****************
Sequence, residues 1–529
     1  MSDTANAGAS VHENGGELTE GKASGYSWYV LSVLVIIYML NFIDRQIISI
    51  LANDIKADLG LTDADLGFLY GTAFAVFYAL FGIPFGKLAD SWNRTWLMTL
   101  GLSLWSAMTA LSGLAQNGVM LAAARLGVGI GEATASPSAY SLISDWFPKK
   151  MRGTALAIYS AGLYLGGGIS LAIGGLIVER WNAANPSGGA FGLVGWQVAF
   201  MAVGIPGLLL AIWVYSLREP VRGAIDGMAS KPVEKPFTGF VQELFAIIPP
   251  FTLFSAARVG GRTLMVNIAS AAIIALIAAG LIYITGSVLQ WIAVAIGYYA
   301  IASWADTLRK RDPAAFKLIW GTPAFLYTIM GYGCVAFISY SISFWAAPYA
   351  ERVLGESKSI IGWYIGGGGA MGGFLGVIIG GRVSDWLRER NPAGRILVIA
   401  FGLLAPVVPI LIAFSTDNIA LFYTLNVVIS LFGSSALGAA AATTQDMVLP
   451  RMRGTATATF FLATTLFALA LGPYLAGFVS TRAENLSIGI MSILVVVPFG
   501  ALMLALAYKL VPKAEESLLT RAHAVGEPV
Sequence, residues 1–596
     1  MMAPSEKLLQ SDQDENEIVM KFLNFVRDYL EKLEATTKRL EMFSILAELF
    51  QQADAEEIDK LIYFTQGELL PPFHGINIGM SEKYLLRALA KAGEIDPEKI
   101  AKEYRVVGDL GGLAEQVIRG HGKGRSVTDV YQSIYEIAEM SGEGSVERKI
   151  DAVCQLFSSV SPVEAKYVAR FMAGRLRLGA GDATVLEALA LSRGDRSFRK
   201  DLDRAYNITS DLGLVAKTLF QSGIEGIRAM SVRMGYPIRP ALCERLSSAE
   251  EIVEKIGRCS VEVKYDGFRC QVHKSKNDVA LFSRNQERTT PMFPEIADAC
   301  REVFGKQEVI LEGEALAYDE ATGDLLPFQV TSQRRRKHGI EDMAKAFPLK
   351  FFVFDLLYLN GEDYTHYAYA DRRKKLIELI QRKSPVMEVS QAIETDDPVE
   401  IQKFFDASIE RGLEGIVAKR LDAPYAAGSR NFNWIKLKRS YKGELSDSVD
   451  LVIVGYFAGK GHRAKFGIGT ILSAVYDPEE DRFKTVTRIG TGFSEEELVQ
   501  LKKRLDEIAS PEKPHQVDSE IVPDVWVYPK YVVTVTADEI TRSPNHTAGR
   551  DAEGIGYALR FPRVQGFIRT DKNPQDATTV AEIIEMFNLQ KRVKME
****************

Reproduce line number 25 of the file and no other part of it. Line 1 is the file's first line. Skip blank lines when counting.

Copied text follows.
   551  DAEGIGYALR FPRVQGFIRT DKNPQDATTV AEIIEMFNLQ KRVKME